“I have learned about love. Love should be easy, free in connection; work, wonderfully so, as in investment; vulnerability balanced with courage, and always undergirded with trust. It should be grace, graced and grateful. It should uplift you.”
Love – we feel it, we know it, we believe in it. And I think it truly is indispensable.. we can’t live without it. As we peel away the layers of love… one I’d like to cover today is:
Vulnerability Balanced with Courage.
Love isn’t always easy for we must be open. Are you willing to love even if you are hurt?
Because a relationship didn’t work the way you’d prefer… or a church committee member spoke harshly to you… your idea got shot down at work or a precious pet ascended to heaven…
I know… it hurts… of course it does…
So be gentle with yourself, first.
But dear leader – we have to have the courage to soften our hearts, stay receptive, and be open to love at all times. And yes, that is at home and work.
This allows us to give the most to the world, and to ourselves.
Yes, at all times.
I know that might be hard to hear… Hang in there…
So there may be something that shut you down recently. Well, it’s time to unshutter the door and open back up. Take your heart out of the basement, or release your self-imposed sequestration in the attic. 🙂
Let’s be those loving, beautiful individuals, who deserve to receive and give love. And other people need it too!
Remember, to receive the benefit of love, we have to have courage.
“Love is Vulnerability Balanced with Courage.”
–Sunday, November 29th, 1998. 10:20pm.
Pamela Hawley is the founder and CEO of UniversalGiving, an award-winning nonprofit helping people to donate and volunteer with top-performing, vetted organizations all over the world. Unique to UniversalGiving, 100% of all donations go directly to the cause.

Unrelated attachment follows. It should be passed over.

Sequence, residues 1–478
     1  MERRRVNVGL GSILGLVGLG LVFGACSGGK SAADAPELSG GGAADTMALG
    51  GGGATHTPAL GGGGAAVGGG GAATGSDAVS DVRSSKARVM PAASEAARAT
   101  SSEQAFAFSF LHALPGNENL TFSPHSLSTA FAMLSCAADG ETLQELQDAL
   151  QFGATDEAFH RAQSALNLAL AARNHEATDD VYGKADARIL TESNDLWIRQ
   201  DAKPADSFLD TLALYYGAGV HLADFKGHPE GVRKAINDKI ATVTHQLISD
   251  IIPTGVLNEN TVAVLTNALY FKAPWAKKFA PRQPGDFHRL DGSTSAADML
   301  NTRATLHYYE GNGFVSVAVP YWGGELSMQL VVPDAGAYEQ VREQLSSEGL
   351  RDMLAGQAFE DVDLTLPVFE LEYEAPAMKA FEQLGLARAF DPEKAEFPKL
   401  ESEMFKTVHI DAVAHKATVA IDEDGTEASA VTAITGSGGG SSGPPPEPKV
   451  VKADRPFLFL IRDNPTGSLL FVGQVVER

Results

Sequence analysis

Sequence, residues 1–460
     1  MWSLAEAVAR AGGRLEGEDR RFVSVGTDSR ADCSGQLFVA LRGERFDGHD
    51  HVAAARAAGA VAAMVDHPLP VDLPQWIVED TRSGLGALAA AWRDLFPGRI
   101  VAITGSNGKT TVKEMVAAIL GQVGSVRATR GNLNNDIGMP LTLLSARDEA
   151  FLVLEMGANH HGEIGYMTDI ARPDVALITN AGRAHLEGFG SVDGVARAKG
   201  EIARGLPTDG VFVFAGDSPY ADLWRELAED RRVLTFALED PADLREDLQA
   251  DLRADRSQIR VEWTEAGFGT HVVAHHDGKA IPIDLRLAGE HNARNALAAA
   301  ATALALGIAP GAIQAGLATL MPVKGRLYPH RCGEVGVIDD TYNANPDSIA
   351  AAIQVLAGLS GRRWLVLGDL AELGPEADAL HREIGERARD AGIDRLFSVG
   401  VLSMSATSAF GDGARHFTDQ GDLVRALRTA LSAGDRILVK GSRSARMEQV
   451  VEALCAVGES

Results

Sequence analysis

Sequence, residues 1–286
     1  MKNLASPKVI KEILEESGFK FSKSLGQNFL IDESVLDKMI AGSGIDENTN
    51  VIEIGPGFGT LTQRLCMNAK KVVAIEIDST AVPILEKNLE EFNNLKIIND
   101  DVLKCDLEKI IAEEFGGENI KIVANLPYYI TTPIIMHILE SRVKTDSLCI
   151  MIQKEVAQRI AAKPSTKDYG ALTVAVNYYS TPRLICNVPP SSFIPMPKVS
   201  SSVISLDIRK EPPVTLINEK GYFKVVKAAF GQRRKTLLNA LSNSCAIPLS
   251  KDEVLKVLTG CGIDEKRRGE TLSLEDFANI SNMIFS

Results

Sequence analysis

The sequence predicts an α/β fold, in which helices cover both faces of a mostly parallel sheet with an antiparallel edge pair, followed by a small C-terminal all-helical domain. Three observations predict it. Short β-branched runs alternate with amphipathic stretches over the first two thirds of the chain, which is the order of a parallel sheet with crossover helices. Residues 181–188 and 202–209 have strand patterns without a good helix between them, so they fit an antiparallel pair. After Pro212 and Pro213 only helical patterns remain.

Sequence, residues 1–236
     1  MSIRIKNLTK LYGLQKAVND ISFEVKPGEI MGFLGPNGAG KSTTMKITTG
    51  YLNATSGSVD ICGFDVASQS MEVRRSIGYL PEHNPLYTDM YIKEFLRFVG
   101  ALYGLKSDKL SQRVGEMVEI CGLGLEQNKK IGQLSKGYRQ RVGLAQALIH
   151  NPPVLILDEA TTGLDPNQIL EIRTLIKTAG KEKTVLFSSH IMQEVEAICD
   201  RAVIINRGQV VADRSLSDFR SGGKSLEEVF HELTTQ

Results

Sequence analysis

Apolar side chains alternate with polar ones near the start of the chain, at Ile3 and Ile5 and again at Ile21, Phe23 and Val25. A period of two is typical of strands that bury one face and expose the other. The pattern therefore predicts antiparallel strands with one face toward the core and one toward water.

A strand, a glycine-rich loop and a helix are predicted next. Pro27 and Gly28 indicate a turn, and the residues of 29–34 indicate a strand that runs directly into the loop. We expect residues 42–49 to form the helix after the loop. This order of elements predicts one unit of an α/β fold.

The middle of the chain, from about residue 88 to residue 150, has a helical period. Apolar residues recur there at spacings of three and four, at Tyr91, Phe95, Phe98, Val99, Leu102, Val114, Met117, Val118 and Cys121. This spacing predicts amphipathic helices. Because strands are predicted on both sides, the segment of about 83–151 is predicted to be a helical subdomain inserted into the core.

Pamela is a winner of the Jefferson Award (the Nobel Prize in Community Service) and has been invited three times to the White House. Pamela was a finalist for Ernst and Young’s Entrepreneur of the Year Award and is an Expert Blogger for Fast Company and CSRWire. She is a philanthropy expert for the new TV show, Billions Rising.
Pamela is also an accomplished actress, improviser, dancer, and singer with over 100 performances in San Francisco, New York, and Los Angeles. She is trained by The Groundlings, a graduate of Upright Citizens Brigade, at advanced level Second City Los Angeles, and a BATS improv player. Pamela donates a portion of every show’s proceeds to UniversalGiving.
Home is the dearest spot on earth for many of us. Home is peace; home is comfort filled with memories, meals, and meaningful times.
“I’ve had periods in my life when I’ve had a bundle of ideas come along, and I’ve had long dry spells. If I get an idea next week, I’ll do something. If not, I won’t do a damn thing.” – Warren Buffett
You’re an entrepreneur. A scientist. A playwright. A second-grade teacher with a curriculum you need to put together. An artist. A music organizer. A guitarist. A preacher. All of them need new ideas, new creativity, every day!
It’s exciting… and also a lot of pressure.
What’s happening when “you don’t have any ideas”?
Well, something very important is happening.
First, your brain cannot be on creative overdrive every moment. It needs time to recharge and build up “blank” space. It’s like saying you don’t need to sleep. Body, mind, heart and soul all need time for rest… and then you can keep giving your 100% and be charged to excel again!
Secondly, patience is key. Just as Warren Buffett says, “if he doesn’t have an idea he doesn’t do anything.”
That’s really key. He’s not forcing it. He’s staying patient. He’s believing that the new idea is going to come.
And here’s where the real lesson is. He doesn’t make a billion dollar mistake.
If you get worried, push something, force an answer– it’s usually not right. So Buffett has done a brilliant but simple thing. He hasn’t made a lot of mistakes because he is not pushing it. He’s trusting the creative process. And therefore, waiting, patiently, for that wisdom. Therefore he makes billions of dollars, rather than lose billions of dollars.
Let’s review Buffett’s wisdom again. How does this affect your life? When have you made a rushed mistake? When you have had patience and waited for that peaceful answer? Please comment below!